A disclaimer on all their pages states that the information and advice is not a substitute for professional care and consultation.  However, it is a place to start the journey and a companion throughout it.  It offers a place for women who have no vocal allies in their everyday lives, due to stigma, to find friends and examples of success despite struggle.

It is organizations like Postpartum Progress that give me hope for the empowerment, validation, and vindication of all women suffering from perinatal mood disorders.  Even ones like me, who are post postpartum.

IsurvivedPPD1

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A Common Language

 

I’ve been thinking a lot about how to ensure that available mental health resources get into the hands of the women who need them. When and where resources are available, there seems to be a gap between the offering and the accessing. As always, I think back to when I first slid on the shoes of the women now making the postpartum trek.

Women of all socioeconomic, racial, and educational backgrounds share one extremely daunting obstacle when in need of such help: they must articulate their exact problem in order to get the help they need.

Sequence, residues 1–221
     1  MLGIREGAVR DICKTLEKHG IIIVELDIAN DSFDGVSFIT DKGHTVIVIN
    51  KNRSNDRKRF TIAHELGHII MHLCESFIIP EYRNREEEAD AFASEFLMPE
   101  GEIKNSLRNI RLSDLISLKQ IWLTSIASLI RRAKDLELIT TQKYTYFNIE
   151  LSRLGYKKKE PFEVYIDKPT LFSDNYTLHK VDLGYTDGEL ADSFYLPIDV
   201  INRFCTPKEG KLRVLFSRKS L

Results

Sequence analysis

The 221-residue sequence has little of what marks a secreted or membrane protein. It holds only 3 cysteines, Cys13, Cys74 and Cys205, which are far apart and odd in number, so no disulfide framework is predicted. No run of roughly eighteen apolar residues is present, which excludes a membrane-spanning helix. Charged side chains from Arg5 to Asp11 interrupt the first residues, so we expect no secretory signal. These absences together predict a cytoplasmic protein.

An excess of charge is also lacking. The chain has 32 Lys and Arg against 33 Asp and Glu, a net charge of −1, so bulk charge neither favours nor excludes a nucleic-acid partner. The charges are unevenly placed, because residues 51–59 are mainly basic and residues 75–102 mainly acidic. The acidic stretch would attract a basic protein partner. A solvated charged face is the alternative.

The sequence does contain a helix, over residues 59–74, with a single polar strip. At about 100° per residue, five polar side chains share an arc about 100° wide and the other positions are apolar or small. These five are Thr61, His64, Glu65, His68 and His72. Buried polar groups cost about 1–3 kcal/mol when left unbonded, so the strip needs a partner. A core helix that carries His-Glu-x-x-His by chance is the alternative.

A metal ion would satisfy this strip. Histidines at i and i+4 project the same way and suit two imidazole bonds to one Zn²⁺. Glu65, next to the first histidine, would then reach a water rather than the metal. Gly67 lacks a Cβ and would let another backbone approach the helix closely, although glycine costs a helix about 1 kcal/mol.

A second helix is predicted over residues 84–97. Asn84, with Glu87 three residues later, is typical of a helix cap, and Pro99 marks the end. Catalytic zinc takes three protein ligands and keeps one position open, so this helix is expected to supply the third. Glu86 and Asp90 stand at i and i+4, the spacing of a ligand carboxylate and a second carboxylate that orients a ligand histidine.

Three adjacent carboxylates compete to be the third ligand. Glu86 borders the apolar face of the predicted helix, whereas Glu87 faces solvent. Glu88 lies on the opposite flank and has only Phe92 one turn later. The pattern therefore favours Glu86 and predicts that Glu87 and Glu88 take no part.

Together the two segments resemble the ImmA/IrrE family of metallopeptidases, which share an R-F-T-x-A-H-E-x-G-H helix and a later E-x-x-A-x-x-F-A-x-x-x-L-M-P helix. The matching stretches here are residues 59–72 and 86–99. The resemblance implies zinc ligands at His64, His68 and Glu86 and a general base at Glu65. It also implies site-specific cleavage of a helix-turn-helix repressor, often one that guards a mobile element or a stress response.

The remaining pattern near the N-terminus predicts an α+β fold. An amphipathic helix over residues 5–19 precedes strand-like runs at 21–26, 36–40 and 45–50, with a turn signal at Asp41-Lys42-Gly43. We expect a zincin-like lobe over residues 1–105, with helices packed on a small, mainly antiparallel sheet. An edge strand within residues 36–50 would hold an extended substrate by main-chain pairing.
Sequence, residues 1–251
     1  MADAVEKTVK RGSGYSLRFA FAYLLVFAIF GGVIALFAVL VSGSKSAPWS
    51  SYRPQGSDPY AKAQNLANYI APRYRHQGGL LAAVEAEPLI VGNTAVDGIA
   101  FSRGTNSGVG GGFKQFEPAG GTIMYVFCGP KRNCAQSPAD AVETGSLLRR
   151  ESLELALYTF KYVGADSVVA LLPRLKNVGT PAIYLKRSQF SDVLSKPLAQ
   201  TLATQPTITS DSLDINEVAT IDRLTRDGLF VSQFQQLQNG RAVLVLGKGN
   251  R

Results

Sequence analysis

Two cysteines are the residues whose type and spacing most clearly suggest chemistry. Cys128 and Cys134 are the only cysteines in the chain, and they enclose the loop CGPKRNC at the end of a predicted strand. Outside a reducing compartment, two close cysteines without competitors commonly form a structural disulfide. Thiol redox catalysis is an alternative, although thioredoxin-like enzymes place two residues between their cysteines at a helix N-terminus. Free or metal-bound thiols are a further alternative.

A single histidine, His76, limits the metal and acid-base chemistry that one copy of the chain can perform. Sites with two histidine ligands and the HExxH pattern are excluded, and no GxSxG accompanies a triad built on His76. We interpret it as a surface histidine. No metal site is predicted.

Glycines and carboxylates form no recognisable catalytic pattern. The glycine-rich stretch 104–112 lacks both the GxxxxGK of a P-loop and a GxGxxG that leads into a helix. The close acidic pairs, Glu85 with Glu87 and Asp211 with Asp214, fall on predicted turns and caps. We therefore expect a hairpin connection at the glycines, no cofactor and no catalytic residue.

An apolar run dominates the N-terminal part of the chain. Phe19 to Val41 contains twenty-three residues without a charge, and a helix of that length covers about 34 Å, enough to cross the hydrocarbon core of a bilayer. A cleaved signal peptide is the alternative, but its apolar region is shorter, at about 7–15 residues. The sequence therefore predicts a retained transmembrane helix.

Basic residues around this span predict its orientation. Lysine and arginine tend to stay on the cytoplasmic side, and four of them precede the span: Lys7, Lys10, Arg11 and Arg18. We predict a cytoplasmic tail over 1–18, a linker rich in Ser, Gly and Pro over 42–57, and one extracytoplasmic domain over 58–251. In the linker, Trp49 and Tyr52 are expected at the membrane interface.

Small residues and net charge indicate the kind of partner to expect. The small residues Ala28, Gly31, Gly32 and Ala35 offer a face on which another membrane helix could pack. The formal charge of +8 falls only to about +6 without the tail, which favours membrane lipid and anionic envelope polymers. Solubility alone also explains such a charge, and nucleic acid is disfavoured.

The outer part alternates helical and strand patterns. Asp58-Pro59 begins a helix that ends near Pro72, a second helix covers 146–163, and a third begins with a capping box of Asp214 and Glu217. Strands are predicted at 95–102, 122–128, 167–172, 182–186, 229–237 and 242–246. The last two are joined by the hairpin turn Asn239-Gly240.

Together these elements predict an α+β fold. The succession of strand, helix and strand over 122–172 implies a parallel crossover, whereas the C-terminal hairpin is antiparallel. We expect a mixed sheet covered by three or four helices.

In a complex web of medical jargon, insurance restrictions and loopholes, and a frustratingly-absent physical presentation of symptoms (for the most part), it falls upon the sufferer to demand treatment for the condition that, no doubt, impairs the very confidence, decision-making skill set, and strength it takes to do so.

It’s an ironic catch-22. The doctor has the tools to ‘fix’ you, but you must lead her to the workshop. The doctor is the artist, but cannot pick up the paintbrush unless you led her to the canvas. The horse must determine the source of water before the doctor can lead it there.